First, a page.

Mahler: Symphony No. 5, Alan Gilbert (Conductor), New York Philharmonic Orchestra, Avery Fisher Hall, New York City 27.04.2011 (SSM)
In years past, every major symphony orchestra and conductor would have been obligated to follow the unspoken rule that they would never achieve the greatest heights in music until they performed and/or recorded all the Beethoven symphonies. Nowadays the same seems to hold true for those of Mahler. Even though it is an anniversary year (Mahler died in 1911), the number of performances as well as complete cycles is staggering. Every conductor, it seems, would like to be known as a “true Mahlerian.”
Alan Gilbert has a long way to go in this regard, having conducted only three Mahler symphonies with the NYPO: the First on tour and outdoors, the Sixth last season, and now the Fifth. His performance of the Sixth Symphony back in September was moderately successful; as with this performance of the Fifth, I found some things to complain about but very little to praise.
The problems with last night’s performance were more conceptual in nature than orchestral or technical, and had to do with Gilbert’s difficulty in shaping the musical lines of Mahler’s phrasing. To take examples from the first movement: right before the Funeral March begins there is a descending phrase played forte by the French horns. Without the right shaping, accenting and slight angularity, this can sound dull and flat rather than supremely tragic. Similarly, the Funeral March here is like most marches or waltzes in Mahler: never straightforward but always a bit sarcastic, bombastic or simply inebriated. Gilbert didn’t quite get this. Mahler’s irony was missing.
In the second movement, the tempo and dynamics were there, but the wildness that Mahler clearly specifies was diminished. He calls for the music to be played like “an intensely rushing storm” and with “the greatest vehemence.” With a description such as this how can it be played other than fiercely and savagely? The opening attacks by the horns should sound like spikes going through metal. The return to the Funeral March tempo at the “Bedeutend langsamer” marking should be striking with the added upper voices, but wasn’t. The transition from this movement into the Scherzo is marked “long pause follows.” This pause separates the First Part from the quite different Second. I guess it’s not really Gilbert’s fault that what filled the long pause was a coughing epidemic, although I don’t remember any such problem with Gergiev’s Mahler. (I don’t think anyone would have dared to cough in the latter Maestro’s presence).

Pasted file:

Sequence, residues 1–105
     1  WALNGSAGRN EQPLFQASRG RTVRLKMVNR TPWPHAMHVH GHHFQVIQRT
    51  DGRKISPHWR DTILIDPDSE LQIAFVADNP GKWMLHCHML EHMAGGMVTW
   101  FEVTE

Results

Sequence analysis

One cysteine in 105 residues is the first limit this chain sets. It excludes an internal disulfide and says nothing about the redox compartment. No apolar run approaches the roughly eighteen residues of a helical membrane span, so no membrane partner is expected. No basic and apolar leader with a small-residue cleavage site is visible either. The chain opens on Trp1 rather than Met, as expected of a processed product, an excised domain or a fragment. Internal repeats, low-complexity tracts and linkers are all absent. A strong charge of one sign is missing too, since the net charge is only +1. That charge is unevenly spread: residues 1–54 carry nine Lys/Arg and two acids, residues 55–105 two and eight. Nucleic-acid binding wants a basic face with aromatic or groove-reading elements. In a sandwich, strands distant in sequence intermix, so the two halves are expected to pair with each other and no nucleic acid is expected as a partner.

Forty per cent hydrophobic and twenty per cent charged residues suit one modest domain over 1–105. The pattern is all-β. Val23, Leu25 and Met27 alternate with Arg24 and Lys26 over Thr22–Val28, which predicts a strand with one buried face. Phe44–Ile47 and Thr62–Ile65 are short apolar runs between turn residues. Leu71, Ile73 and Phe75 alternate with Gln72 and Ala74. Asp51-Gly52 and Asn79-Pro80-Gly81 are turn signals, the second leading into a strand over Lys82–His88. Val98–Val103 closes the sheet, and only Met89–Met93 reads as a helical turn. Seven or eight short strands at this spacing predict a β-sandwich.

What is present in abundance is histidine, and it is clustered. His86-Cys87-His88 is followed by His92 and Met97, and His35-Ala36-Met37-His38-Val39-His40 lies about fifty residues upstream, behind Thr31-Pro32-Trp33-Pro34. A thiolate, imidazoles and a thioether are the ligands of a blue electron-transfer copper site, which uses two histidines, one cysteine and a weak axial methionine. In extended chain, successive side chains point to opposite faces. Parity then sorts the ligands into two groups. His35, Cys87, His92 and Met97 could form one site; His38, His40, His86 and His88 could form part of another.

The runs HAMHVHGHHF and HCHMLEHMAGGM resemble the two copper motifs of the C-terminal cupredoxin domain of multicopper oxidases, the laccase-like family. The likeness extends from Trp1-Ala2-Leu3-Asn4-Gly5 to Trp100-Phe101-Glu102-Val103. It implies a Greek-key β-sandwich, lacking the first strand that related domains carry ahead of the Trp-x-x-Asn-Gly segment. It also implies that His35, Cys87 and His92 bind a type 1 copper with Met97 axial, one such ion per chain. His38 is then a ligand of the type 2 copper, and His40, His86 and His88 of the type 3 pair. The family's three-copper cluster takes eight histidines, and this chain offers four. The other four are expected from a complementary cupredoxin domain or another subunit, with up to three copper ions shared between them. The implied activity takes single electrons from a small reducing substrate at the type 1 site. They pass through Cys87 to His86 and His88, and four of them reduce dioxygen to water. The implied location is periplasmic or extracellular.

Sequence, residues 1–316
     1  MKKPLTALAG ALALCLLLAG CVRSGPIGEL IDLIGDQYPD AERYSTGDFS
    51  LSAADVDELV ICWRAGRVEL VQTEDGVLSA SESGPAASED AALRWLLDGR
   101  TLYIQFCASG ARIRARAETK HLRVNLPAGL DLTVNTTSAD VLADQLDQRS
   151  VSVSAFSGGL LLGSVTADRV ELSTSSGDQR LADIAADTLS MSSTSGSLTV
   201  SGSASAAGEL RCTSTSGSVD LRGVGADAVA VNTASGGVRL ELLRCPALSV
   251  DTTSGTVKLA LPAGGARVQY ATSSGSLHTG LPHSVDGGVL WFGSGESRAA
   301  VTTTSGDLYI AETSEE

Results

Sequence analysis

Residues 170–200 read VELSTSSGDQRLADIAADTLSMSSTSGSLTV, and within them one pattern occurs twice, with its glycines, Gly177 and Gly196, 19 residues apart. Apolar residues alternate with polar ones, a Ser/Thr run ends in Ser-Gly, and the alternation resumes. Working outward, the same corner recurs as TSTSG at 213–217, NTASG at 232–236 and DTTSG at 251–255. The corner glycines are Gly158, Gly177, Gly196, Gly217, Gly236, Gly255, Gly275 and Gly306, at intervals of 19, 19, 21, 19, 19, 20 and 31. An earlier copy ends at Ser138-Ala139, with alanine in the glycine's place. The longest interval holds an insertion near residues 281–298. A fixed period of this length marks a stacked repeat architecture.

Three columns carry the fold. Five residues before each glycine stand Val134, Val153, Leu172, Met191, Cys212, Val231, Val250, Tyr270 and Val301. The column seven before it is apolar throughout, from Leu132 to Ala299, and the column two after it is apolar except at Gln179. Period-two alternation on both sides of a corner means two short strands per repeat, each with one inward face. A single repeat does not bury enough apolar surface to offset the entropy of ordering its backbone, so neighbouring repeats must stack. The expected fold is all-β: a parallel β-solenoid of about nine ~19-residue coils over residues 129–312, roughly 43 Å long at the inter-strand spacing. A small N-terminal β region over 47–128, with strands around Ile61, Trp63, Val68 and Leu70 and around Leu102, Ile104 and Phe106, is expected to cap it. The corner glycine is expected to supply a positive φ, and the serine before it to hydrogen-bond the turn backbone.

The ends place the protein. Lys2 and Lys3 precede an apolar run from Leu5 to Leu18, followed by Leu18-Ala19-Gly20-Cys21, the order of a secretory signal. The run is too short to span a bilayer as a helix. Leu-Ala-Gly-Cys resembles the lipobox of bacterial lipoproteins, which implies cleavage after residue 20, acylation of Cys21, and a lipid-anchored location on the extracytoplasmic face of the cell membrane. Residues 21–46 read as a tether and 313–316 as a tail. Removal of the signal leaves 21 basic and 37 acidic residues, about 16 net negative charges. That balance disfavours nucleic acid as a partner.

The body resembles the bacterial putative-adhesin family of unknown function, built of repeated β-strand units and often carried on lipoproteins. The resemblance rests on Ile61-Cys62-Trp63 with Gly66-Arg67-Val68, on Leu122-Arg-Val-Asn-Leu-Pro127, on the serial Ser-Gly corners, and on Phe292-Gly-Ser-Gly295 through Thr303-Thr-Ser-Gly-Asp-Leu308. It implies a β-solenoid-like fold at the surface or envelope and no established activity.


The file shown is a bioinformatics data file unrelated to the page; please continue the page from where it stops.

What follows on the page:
The third movement, marked Scherzo, is a mix of different moods, starting with rollicking horns played “powerfully, but not too fast,” moving on to a slower (“ruhiger”) section, back to the first tempo, on to a “Molto moderato,” then to a smoother less raucous section (“Fliessender”), etc. More than the others this movement requires the conductor to create a musical arch that clarifies the beginning, the rich plaintive central section and the fiery “Piu mosso” and “Nach rascher” that conclude the movement. But here, the sudden changes in style and tempo seemed arbitrary.
What can be said about the Adagietto that hasn’t been said before? As long as the movement avoids being histrionic on one side and overly limpid on the other, its pathos will come through. Gilbert may have erred slightly towards a conservative coolness, but it still was clear why this is Mahler’s most appealing and popular piece, often performed by itself.
The final movement starts quietly but suddenly speeds up. Gilbert played this with tremendous vigor and intensity but pressed forward a bit too uniformly, so that by the time the coda was reached there was little room left for dynamic change. Gilbert’s one and only feet-off-the-ground leap added a visual representation of the closing Allegro moltos and final Presto, but was too late to produce its aural equivalent.
Perhaps, I’ve been a little too harsh on Gilbert since it was not in any way a terrible performance. For me, it just wasn’t a satisfying one.